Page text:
Compression session

Joe Seeds brings up a good point about golf ball compression.

I’m sure this is a topic heavy on your mind: How much a golf ball compresses, and which one is right for you. Well, pack your bags, cause we’re going on a truth trip, my friends.

The days of 80, 90 and 100 compression rates are over. You see, it used to be easy to pick out the right ball for you. Now, not so much. No longer can you pick a compression based on your swing speed (such as 80 for slower swings, 90 for average clubhead speeds, or 100 for faster speeds).

Also, the cover and core of the ball has changed dramatically in the last decade. Urethane covers can be found on better balls (Titleist Pro V, TaylorMade Penta, Srixon Z-Star series) and Surlyn on others.  Urethane will spin more (this includes sidespin) and Surlyn are usually found in two-piece or “distance” balls. Balls have gotten more durable and go farther. Some balls are still honed to slower or faster swing speeds, while others may spin more or less. And I can’t get much more vague, can I?

I had Titleist (Acushnet) training last night and they claim that their ball is basically the longest premium ball in golf. And that they’ve got one for every player. Since they are truly the No.1 ball in golf, let’s use their balls as an example – er … – you know what I mean.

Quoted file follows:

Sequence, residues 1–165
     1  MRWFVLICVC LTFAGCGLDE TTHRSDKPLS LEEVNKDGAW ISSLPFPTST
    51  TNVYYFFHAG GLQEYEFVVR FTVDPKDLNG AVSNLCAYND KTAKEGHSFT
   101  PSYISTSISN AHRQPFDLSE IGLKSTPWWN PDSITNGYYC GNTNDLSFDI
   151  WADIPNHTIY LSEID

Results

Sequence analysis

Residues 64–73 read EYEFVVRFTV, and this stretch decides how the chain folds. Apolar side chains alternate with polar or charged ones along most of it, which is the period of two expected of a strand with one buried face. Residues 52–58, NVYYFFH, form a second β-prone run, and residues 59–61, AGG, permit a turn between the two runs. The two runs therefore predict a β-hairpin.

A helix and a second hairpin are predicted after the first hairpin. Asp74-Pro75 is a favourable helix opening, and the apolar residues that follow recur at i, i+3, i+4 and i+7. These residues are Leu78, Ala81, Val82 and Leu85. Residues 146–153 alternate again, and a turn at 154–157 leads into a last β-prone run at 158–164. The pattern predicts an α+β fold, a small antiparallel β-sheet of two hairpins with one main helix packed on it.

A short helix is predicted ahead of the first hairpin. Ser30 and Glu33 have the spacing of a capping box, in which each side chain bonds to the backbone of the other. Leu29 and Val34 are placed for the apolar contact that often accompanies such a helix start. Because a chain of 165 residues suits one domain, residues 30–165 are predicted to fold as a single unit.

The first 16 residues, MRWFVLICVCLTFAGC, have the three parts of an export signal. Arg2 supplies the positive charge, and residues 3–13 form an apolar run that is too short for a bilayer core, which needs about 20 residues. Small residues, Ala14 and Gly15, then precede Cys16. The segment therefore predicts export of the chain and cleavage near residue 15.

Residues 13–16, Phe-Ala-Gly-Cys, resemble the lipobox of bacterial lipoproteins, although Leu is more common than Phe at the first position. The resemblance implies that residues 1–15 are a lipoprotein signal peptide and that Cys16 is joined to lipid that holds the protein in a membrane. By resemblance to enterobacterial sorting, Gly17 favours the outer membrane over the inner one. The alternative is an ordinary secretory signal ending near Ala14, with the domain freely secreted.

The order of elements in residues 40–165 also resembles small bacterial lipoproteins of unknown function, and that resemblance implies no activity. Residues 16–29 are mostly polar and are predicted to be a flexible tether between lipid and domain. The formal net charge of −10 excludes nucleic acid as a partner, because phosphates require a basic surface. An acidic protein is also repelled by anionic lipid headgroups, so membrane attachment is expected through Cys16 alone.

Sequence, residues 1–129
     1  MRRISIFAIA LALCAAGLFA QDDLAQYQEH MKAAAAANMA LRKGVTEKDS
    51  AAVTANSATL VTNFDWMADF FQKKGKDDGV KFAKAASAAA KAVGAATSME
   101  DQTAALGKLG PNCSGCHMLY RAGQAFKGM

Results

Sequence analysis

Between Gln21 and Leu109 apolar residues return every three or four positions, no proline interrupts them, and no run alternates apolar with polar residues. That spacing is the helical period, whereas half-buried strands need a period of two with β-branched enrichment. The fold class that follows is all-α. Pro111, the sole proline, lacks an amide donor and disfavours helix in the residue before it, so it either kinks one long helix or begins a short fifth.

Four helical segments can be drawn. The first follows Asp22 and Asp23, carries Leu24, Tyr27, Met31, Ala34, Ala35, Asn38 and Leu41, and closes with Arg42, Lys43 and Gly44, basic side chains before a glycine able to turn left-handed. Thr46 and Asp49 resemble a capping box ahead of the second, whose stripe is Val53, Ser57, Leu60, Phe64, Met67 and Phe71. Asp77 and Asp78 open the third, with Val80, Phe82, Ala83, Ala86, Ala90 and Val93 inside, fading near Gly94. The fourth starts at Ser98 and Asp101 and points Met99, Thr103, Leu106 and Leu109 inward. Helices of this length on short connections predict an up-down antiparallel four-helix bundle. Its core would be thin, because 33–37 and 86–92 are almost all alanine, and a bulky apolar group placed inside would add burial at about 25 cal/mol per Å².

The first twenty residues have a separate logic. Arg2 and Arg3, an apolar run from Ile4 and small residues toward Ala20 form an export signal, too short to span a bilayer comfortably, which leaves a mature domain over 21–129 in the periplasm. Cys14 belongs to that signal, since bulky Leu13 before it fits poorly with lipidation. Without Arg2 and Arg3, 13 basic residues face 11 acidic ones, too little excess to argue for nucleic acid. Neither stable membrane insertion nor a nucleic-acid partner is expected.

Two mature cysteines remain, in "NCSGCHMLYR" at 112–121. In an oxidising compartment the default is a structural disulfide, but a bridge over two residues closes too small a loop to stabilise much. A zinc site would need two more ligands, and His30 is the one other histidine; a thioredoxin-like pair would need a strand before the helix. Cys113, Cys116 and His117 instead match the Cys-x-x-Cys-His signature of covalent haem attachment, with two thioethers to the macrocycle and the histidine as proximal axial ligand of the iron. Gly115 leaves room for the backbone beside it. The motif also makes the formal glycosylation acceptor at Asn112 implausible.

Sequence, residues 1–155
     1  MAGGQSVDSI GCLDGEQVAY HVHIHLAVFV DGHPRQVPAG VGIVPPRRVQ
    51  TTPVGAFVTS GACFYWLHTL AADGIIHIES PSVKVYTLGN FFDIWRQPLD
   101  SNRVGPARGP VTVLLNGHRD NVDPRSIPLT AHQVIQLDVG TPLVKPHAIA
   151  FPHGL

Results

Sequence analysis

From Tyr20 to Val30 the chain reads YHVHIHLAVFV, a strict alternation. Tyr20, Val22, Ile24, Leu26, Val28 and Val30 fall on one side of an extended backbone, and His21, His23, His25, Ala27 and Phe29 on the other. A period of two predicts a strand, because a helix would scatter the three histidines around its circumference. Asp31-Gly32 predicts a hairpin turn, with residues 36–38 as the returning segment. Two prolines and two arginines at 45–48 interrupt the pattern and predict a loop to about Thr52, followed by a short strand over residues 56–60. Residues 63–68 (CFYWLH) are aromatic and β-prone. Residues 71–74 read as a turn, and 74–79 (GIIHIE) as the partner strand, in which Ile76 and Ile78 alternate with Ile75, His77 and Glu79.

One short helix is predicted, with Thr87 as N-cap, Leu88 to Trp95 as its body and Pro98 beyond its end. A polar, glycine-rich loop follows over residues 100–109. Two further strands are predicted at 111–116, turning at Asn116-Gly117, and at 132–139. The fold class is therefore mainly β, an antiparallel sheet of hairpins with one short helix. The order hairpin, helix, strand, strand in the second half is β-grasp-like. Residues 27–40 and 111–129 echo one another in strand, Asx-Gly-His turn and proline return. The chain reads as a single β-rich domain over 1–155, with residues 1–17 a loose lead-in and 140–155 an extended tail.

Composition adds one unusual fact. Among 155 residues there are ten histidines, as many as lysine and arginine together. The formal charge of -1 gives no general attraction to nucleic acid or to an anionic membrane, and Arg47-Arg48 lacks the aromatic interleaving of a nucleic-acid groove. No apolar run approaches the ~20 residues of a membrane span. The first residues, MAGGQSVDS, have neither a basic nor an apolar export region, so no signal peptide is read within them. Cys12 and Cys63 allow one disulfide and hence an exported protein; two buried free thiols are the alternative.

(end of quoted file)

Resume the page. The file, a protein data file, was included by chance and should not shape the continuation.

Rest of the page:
* Pro V1s: $50 a dozen. Regular Pro V1 is a three-piece ball, spins a ton and is softer. It’s the best choice if you want the ball to check on chip shots, and if you have problems getting the ball airborne. If you already hit the ball high …

*Pro V1x: Again, plopping down $50. Two piece. It will add distance. Particularly in the case of the 2007 Pro V1x, which experts say, that if you line this up with the seam facing down your target line, you’ll get an extra 20 yards. A lot of tour players (at least older tour players – I’m looking at you Stricker and Kenny Perry) still play this ball I believe.

*NXT Tour: $33. It’s the common man’s Pro V1. Essentially has all of the same characteristics (three piece), and now with a more durable cover. Won’t spin quite as much, and the Surlyn cover doesn’t feel as soft as the PV1.

*NXT Extreme: $33. EXTREME!!!!!!!!! distance. For the most part. Pretty good feel for a two-piece.

*DT Solo: Titleist got rid of off of it’s crazy value balls and replaced them with this – a two-piece, Pinnacle-esque, distance ball. Though not bad for $22. It says Titleist and will give you extra distance. BUUUUUUUUUUUTTT this also has a lower compression rate – which gets us back to the original point of this article. Titleist dudes said that women could/should play this ball. Meaning those golfers with (by and large) slower swing speeds should probably go Solo, and would get the most distance/game improvement/budget improvement out of this ball.

While the days of gutta percha and balata are behind us, millions of dollars continue to be spent annually to provide incremental improvements to the golf ball. Titleist said they do more r&d than every major ball manufacturer COMBINED. Yowsa. And they’re now on their fifth Iron Byron, which I guess is impressive.

Anyway, hope that helps. Compress away.

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